Argentine writer Néstor Perlongher (1949-1992) was one of the major poets arising during the early 1980s, a time when the Argentine military “disappeared” thousands of people who opposed or seemed to oppose its dictatorship. Perlongher, a gay man, escaped to São Paulo, Brazil, where he graduated from the University of Campinas with a master’s degree in social anthropology and was appointed professor in 1985. He was the founder and an instrumental activist for the Frente de Liberación Homosexual (the Homosexual Liberation Front), one of the world’s first LGBT organizations. He died in São Paulo of AIDS in 1992.
Douglas Messerli, Hyperrallergic
Cardboard House Press has a reputation for both finely crafted books and exquisite translations from the Spanish, not to mention a team of editors that spans the globe. For an English-only poetry scholar, their editions are essential to an understanding of the Latin and South American landscape.
In their latest release, Cadavers (2018), translated by the Uruguayan poet, Roberto Echavarren and Donald Wellman, Néstor Perlongher (the Argentinian poet and anthropologist) immediately sets the tone for his long poem by creating a tapestry of geography, scene, and image via “clusters,” each containing only a handful of lines, cohered not only by the haunting refrain There Are Cadavers/Hay Cadáveres, but a fervent confrontation with the Argentine dictatorship of the 1970s.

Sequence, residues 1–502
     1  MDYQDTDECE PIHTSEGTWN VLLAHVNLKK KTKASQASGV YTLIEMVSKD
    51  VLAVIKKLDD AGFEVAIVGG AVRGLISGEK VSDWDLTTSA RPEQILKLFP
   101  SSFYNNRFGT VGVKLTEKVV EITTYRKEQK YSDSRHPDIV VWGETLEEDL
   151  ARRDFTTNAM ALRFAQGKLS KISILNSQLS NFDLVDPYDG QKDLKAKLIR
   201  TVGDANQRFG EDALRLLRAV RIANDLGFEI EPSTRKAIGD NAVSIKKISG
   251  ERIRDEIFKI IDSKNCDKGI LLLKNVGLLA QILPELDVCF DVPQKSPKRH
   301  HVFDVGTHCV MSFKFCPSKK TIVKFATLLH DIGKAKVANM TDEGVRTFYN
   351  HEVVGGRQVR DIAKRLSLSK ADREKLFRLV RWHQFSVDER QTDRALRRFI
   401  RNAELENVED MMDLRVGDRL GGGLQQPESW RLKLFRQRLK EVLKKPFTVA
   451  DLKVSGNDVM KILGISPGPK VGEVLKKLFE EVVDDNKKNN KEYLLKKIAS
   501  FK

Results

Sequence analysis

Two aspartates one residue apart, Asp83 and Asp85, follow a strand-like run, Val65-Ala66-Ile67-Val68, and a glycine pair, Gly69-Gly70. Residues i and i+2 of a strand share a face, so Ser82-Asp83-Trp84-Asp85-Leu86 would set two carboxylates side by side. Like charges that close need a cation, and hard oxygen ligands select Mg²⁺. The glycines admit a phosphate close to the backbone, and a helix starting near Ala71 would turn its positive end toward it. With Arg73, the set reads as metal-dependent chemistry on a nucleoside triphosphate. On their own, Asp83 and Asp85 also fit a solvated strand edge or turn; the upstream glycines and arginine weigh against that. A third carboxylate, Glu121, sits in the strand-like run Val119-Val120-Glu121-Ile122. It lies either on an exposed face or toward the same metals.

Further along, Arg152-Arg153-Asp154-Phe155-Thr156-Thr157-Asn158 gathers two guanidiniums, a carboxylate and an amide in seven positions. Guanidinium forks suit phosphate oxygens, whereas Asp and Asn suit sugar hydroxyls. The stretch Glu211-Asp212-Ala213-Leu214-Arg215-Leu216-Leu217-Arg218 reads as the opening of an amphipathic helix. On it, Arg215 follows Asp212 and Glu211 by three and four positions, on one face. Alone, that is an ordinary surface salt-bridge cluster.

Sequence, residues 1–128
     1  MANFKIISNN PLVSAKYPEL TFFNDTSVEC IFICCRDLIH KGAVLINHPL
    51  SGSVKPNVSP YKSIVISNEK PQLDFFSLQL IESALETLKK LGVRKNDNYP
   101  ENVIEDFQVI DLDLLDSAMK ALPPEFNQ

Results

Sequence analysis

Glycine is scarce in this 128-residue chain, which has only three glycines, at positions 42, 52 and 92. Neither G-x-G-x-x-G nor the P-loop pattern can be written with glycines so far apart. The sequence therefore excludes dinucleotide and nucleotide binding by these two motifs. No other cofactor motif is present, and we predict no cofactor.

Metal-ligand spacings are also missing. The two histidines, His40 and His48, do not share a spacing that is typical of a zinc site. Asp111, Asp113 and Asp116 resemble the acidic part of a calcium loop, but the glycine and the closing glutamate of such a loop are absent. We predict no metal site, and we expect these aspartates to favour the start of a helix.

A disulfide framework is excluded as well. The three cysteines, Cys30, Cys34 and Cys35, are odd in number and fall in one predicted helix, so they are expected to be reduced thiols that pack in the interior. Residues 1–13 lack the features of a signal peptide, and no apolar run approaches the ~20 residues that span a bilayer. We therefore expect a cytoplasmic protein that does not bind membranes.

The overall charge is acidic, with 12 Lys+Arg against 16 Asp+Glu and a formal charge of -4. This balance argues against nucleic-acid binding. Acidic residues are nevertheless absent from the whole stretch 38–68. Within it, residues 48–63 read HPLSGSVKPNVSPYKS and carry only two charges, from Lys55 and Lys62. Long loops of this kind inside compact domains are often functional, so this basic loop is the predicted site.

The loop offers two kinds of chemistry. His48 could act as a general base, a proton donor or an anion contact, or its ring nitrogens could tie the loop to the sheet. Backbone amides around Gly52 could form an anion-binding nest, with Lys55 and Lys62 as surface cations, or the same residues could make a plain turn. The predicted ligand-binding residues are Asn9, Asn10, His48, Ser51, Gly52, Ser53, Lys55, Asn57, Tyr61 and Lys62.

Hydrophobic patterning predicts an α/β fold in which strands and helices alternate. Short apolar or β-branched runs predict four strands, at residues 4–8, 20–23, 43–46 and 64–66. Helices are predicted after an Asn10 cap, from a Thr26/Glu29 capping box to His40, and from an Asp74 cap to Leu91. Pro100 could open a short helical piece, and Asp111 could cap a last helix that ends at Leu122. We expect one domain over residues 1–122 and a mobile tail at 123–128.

Rosemarie Dombrowski, Angel City Review
The skeletons won’t be kept in the closet. They’re hidden everywhere, haunting everything: “Under the brush / In the scrub / Upon the bridges / In the canals / There Are Cadavers.” So begins Néstor Perlonger’s masterpiece Cadavers — newly released in a beautiful Spanish/English bilingual edition from Cardboard House Press, translated by Roberto Echavarren and Donald Wellman— a restless queer elegy for victims of Argentina’s Dirty War.
Noah Fields, Anomaly.
Every language has its cadavers, and it must come to terms with it—be it through art, politics or any other medium.
Serrgio Sarano, Asymptote